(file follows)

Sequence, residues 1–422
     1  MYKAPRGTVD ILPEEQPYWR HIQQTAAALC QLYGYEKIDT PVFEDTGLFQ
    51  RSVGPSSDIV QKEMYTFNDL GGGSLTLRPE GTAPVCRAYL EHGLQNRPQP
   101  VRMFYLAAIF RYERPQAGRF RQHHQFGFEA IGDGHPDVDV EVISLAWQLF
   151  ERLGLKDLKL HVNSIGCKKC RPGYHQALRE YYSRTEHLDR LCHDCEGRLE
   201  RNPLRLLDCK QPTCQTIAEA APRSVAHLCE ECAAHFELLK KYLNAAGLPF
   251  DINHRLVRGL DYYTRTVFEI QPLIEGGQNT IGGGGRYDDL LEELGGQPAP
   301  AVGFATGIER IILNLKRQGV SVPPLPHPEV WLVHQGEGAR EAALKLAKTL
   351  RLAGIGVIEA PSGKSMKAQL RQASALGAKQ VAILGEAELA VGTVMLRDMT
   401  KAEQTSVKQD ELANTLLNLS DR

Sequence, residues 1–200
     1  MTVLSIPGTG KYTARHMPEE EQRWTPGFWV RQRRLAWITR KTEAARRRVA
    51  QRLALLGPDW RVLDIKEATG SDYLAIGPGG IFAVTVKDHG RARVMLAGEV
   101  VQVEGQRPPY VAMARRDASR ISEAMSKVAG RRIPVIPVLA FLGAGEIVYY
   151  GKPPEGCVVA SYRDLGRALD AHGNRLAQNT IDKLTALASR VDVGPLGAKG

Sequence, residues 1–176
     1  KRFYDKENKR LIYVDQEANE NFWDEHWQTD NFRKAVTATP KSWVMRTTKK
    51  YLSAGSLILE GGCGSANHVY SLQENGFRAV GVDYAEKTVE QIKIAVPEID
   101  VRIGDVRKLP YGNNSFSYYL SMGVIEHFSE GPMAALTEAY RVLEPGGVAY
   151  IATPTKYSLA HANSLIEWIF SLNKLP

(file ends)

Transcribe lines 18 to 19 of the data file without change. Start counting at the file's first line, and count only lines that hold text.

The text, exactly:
    51  YLSAGSLILE GGCGSANHVY SLQENGFRAV GVDYAEKTVE QIKIAVPEID
   101  VRIGDVRKLP YGNNSFSYYL SMGVIEHFSE GPMAALTEAY RVLEPGGVAY